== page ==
Sunday, January 24, 2010


This Sarah Palin caricature by Steven Brodner, featured in the New Yorker is a great rendition of Palins most damaging qualities. This devious portative captures many of 

her eminent features from the during election like the what I think we now call Palin hair cut, the Republican red jacket, Miss America smile and signature pointed glasses. This comic also points out the other aspects of her life, which the media used to annihilate her as a running mate to McCain.  

   Looking at the caricature we can see the screens behind her with different scenes depicting Palin. The top right screens show her with crossed arms representing her defensive hostility toward the war, democrats and her passionate love for hunting rifles. Late night show host David lettermen ads, “ Sarah Palin is an avid hunter. A vice president who like guns—Well, what could go wrong there?” The other screens show Palin doing other things making fun of her as a small town governor by showing her as a country hick riding a moose, hunting. The screen is of her catching a big fish, which was“ that big” also noting on her experience hunting and fishing and lack in dealing with real maters while governing.

            Although Palin could have been the running star of the campaign being a possibility for the first women vice president the power of comic utterance like this became her Achilles' heel. Like the incriminating pear to King Philippe the permanent effects of these jokes stuck to her even if they were false.

            Interestingly enough I find that making fun of leading figures like presidents and political figures has almost become an American past time. With Late night shows doing nightly “moments in presidential speeches” for Bush and constant ridicule for celebrities and big figures it is strange to think that once back when this kind of humor began that it was the slaves, injured, crippled and poor who were the subjects of laughter when today such humor would be considered rude, racist and intolerable. My question is how and has there ever been a political figure that has risen above their own comical ridicule?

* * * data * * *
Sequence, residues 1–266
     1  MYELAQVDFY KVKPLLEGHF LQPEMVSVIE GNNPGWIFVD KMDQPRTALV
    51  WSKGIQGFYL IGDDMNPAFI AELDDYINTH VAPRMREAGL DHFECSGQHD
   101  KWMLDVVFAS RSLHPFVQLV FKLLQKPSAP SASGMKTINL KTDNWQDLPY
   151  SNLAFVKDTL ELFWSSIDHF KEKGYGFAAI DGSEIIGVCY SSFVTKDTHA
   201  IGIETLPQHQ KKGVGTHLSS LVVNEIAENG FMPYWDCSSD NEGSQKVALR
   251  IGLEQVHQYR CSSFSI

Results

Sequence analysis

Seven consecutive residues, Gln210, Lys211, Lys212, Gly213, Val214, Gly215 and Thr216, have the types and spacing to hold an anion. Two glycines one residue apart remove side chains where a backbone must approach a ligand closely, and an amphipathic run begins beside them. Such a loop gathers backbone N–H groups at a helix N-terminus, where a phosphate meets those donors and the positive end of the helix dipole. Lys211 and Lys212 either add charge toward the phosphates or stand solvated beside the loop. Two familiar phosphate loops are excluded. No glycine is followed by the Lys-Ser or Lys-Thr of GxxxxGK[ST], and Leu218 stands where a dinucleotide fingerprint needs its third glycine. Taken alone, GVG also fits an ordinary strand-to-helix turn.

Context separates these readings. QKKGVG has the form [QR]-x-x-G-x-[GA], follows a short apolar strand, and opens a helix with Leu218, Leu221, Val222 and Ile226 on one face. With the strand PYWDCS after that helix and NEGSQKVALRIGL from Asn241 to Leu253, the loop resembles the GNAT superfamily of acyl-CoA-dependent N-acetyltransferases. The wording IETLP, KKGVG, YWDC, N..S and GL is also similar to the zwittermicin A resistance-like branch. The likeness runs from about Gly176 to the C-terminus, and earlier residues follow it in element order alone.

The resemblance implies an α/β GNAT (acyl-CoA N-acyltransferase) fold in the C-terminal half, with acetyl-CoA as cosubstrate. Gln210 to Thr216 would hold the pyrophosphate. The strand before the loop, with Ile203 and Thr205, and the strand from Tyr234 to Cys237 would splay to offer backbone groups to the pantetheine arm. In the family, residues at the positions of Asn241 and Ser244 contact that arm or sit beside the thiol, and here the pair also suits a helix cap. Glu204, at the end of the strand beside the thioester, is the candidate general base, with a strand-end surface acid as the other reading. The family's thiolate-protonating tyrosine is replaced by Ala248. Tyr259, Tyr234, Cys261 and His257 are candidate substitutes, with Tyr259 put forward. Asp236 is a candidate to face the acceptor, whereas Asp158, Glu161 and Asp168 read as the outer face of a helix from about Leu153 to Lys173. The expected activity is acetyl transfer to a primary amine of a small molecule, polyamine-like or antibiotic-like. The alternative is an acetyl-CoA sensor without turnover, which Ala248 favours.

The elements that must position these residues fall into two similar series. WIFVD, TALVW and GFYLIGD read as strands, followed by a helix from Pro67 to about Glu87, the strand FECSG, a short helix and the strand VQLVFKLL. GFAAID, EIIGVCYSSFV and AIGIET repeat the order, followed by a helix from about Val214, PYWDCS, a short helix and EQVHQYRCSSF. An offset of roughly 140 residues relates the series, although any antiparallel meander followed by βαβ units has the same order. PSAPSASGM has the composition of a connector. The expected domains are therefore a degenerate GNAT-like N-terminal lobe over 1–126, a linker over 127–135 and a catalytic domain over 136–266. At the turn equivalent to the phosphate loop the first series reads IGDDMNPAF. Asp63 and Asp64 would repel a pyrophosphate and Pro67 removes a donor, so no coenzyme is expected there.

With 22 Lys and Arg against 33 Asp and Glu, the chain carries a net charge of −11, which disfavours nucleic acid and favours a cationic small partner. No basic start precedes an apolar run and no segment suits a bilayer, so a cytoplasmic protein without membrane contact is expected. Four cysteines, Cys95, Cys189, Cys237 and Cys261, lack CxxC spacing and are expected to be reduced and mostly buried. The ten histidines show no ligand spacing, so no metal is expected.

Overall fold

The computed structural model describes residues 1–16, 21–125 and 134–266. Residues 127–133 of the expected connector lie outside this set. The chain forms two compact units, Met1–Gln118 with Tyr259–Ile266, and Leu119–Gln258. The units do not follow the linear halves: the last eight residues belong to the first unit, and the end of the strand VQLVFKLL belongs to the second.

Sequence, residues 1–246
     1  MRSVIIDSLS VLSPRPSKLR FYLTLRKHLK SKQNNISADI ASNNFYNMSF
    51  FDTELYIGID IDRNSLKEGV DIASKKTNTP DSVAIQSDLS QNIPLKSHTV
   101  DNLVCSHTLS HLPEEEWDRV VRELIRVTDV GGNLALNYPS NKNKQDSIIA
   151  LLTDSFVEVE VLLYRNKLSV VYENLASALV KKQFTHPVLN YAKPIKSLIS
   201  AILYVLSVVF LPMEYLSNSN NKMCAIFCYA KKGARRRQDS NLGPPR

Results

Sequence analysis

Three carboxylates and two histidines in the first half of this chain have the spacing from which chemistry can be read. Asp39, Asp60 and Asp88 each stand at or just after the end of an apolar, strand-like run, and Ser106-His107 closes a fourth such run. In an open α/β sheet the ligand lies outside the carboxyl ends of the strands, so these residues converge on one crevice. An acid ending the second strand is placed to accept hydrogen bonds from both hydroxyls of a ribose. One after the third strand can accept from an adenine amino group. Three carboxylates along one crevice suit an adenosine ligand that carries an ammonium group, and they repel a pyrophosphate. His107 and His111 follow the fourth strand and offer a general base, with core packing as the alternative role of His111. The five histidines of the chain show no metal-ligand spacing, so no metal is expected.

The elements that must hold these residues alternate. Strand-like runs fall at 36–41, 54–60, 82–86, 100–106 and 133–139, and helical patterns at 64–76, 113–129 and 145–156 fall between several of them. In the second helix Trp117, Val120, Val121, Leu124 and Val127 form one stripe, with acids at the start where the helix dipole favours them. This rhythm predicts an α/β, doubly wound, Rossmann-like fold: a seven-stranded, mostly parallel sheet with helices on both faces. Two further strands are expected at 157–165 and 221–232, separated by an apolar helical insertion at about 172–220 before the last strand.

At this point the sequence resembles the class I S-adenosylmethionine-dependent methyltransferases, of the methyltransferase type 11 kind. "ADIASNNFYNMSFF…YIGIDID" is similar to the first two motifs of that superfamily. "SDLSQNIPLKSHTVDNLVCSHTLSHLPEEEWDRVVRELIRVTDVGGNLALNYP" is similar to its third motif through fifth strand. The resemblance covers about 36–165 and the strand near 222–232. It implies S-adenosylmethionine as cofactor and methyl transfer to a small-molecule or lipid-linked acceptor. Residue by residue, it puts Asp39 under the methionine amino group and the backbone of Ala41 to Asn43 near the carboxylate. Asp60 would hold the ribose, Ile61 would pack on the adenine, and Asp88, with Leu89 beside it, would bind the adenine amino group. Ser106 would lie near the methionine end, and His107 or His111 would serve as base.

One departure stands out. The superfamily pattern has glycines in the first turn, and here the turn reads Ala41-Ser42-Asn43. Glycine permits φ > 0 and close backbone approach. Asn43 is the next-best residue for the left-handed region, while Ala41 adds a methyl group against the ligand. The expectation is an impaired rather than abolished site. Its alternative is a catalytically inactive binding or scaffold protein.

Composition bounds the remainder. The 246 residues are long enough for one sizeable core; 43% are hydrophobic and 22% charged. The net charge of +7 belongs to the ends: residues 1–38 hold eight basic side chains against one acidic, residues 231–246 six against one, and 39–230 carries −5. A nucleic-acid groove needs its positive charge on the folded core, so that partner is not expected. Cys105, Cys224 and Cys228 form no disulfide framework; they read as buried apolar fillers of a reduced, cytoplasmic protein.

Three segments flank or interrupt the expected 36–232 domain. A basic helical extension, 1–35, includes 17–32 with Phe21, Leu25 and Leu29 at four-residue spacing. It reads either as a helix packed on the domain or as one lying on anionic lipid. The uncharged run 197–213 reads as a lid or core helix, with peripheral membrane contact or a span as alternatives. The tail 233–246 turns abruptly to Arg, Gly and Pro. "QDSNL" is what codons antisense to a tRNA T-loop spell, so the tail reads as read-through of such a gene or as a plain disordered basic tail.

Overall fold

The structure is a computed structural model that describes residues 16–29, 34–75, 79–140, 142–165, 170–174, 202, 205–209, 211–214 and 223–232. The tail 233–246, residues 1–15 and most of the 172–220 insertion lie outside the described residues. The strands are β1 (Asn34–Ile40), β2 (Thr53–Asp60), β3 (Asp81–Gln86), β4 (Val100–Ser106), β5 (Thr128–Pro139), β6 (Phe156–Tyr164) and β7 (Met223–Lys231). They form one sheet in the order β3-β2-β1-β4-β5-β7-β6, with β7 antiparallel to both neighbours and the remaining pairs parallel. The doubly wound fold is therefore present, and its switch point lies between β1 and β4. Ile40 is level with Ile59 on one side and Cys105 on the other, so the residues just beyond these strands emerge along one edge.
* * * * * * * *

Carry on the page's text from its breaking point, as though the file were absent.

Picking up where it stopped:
1. This caricature of Sarah Palin is an intersesting one in that it highlights her personal intrests as well as her political persona and true to your analysis, I also agree that her some-what extreme intersests for mainstream America was her down fall, in that her personal life merged with that of her political career. Her career failed because of who she is and what she believes.

    Although, as you said with the new American past time of mockery and scrutinization, that's the gamble all public figures take: in order to be sucessful and favored by the people, one must be able to beat the media, which controls the people.

  2. I think that the TV screens in the background really accentuate Palin's love of the media and how she did try to use it to her advantage. I don't think that it worked to her advantage but she did know how to mug for the camera.

  3. Well... I think there have been a handful of political figures who have risen above their comical ridicule. Only I have a feeling it happens after they have died or gone out of office, and people have a chance to look at there career with a little bit of perspective. I believe Abraham Lincoln was very unpopular during his presidency, however now he is regarded as one of America's finest presidents. Even Michael Jackson seems to get a finer review in death than in life Much seems to be forgiven with time. As I mention earlier political cartoons seem to be specific to a particular trait, incident, issue and time and are an opinion of a particular artist (or group of people), and accordingly they are usually harsh. However, when one looks over a public figures whole life span and weighs the good with the bad, the public in general is apt to be more lenient in their overall estimation of their character.

  4. Yes there has been a politician who rose against comic portrayel...Bill Clinton